What about startups and businesses
The more we expose our ideas, processes, technology, and products to the “market” and real world environments, the more feedback we will get and the clearer insights will we get to improve the same! This applies to doubling down on things that are working and addressing areas that are getting buried.
Here are two tactical breakouts based on my recent experience…
CyberSecurity, Products — A bit of cybersecurity perspective. When we make products we test them but do we test them on the big bad internet? Mostly no, because we fear they will crash … because of the attacks. Products, software, cryptography, and more all do better with wider and truer tests from a cybersecurity perspective.
Winning in the Market, Products — Win in the market with innovation! You know how you know you have a great product, the market buys it. The market steers the development. Therefore, release in iterations, embrace DevOps, and iterate rapidly. That is how products evolve to become world changing. (Facebook was for college kids and then added and expanded. Ford made one kind of car and then began adding features and more based on FEEDBACK)
Treat life as an experiment
If we act and react we can make amazing products and accomplishments. Nothing monumental was achieved without error, feedback, and reaction. It is up to us on how we emotionally manage this loop, and the more emotional resilience we introduce into our team, company, self, and family … the better chances we are to stay in this loop.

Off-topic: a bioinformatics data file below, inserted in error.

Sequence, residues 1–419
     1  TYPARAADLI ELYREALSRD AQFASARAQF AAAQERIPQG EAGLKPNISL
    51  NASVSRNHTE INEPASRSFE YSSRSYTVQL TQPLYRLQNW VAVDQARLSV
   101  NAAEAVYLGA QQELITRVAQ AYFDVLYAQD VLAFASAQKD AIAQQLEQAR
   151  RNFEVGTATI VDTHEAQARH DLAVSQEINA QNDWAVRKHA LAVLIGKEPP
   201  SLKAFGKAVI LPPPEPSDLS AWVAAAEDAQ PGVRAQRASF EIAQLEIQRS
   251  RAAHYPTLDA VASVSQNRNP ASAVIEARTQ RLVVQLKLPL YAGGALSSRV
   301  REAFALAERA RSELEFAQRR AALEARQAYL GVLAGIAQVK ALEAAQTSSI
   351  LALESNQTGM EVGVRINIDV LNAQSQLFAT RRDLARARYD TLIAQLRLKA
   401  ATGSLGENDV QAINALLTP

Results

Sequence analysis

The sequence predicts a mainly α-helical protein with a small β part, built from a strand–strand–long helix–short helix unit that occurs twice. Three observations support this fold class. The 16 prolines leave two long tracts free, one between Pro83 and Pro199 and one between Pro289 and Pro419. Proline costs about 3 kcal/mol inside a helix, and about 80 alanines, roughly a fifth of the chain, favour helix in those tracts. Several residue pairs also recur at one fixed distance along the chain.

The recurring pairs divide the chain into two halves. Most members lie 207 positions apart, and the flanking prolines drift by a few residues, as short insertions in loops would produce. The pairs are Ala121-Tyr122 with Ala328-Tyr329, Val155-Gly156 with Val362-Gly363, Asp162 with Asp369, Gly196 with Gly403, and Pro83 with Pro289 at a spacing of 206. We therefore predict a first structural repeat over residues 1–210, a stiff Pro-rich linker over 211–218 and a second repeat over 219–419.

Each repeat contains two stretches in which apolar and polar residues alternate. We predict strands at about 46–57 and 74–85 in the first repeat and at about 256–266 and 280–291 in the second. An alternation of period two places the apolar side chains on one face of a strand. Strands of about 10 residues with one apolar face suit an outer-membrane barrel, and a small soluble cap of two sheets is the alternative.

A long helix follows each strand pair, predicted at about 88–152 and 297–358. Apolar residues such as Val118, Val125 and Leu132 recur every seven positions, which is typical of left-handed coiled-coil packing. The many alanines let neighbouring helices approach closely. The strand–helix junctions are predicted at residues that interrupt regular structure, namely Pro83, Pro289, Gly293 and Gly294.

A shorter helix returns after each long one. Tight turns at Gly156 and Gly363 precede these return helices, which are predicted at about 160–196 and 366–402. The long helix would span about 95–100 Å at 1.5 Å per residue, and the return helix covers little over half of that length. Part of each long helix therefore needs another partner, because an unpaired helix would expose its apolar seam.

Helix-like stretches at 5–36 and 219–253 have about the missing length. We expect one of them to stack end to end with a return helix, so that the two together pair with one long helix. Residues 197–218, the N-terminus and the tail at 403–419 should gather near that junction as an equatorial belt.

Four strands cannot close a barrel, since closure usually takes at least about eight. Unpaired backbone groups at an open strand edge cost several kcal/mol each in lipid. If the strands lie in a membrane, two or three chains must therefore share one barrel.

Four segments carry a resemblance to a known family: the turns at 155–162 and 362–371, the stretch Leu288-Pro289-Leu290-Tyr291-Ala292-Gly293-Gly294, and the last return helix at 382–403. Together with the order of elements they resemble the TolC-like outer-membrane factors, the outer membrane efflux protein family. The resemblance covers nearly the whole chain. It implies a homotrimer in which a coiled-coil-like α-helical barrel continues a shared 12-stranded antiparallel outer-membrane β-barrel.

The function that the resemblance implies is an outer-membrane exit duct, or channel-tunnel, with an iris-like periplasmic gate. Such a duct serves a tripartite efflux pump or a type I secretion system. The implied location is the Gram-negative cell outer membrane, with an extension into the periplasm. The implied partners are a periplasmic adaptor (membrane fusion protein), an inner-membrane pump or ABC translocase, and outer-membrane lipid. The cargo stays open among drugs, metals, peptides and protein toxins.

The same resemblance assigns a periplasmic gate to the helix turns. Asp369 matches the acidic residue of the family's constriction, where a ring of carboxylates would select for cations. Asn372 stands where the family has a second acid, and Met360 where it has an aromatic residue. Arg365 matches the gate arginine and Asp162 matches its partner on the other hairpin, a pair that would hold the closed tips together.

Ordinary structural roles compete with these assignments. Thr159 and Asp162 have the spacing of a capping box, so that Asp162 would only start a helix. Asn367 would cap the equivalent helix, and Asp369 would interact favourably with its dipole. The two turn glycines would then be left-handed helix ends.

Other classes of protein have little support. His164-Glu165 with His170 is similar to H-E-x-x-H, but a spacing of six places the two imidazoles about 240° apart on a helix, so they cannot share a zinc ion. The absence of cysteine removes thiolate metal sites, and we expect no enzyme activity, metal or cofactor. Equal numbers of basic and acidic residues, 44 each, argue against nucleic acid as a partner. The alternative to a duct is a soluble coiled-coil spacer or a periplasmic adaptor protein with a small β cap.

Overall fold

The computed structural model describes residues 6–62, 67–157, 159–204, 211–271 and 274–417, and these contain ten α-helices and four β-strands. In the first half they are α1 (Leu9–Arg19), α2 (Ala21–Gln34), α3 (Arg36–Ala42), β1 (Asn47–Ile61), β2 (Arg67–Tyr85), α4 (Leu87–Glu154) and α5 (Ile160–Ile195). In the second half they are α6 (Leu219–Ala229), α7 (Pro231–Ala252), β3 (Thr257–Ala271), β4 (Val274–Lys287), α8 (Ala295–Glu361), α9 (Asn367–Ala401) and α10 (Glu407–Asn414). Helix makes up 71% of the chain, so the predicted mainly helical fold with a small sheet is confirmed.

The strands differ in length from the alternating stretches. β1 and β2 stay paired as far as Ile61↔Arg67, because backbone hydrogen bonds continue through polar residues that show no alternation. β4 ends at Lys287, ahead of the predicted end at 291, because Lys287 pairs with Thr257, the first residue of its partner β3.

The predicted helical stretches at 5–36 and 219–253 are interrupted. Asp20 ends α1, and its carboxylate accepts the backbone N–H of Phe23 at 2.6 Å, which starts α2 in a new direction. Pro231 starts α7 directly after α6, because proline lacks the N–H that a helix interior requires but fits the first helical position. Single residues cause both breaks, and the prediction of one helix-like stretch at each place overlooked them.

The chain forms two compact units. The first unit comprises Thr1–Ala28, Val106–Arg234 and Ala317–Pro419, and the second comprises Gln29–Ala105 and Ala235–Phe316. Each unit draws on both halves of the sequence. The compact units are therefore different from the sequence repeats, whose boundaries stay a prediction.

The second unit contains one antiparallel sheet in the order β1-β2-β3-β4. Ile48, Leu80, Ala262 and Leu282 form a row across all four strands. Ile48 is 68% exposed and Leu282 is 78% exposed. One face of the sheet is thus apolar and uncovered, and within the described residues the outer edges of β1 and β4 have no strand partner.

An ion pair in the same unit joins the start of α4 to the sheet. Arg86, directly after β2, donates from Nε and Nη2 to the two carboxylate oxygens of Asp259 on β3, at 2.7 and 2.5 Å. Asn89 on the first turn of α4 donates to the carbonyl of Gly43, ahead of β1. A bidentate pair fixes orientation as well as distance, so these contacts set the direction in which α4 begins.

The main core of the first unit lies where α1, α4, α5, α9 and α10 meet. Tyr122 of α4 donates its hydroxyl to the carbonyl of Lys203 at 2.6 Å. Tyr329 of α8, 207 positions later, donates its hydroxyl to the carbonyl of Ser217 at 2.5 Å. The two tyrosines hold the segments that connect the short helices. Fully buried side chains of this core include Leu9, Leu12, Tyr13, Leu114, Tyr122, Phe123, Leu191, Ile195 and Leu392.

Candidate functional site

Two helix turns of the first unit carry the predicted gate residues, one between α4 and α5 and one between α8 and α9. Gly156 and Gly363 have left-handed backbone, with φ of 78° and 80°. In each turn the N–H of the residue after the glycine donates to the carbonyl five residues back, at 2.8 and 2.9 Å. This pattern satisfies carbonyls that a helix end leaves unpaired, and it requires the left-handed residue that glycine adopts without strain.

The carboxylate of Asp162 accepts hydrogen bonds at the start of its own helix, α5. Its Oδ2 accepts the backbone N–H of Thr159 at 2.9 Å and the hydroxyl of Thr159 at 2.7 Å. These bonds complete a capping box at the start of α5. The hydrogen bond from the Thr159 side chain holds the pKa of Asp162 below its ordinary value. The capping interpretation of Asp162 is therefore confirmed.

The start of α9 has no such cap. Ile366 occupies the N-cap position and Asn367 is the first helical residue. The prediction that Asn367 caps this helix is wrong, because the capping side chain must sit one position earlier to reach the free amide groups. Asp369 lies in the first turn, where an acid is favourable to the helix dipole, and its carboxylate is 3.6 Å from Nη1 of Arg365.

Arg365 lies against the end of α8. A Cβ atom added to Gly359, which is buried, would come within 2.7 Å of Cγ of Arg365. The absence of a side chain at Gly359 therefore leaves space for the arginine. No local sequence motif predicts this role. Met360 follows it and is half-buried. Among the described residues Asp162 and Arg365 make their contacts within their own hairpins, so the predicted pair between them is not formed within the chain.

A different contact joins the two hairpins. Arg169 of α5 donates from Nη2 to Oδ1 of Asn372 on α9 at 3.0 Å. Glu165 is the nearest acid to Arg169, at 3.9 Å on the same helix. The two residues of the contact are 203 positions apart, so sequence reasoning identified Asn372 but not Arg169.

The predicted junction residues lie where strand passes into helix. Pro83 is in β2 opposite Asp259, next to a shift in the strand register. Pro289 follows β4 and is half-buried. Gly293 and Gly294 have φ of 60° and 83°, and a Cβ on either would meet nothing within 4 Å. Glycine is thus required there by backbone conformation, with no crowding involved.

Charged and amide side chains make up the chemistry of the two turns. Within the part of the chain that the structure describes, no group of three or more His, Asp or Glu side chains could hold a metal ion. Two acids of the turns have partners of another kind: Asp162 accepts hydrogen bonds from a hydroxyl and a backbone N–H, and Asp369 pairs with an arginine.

Please like and share if this provided you any value!
Please like and share if this provided you any value!
As usual, if you liked this article, please support me by clicking LIKE and share it with your own feed! This is the best possible way that you can support me and my pursuit to share my insights, ideas, and research. If anyone has anything to add or comment on in this article, please feel free to share it with everyone below in the comments section! Learn more about me at my homepage at www.jamesdeluccia.com, LinkedIn, follow me on Twitter @jdeluccia, and soon listen on my podcast and Alexa skill briefings in the coming weeks!
I am a father, study of human behavior, strategist, cybersecurity veteran, and a coach and mentor on a journey to give more than I receive everyday. I lead teams globally, build products, and daily an executive for a leading company where I serve the largest companies in the world using the largest cloud deployments in the world impacting the financial services, healthcare, and fintech industries. I provide these publications and content through my media agency to deliver insights and advantages. Mindset, mental strength, mentorship, personal improvement, health, fitness, and humanist ideas are drawn from personal research and practice. Everything read and heard is my original works and my own perspective. All rights reserved for noted authors and sources. I produce research and strategy, as well as provide advisory services that include inquiries, briefings, consulting projects, and presentations on published findings as well as bespoke speaking engagements where I often keynote at conferences, seminars, and roundtables annually.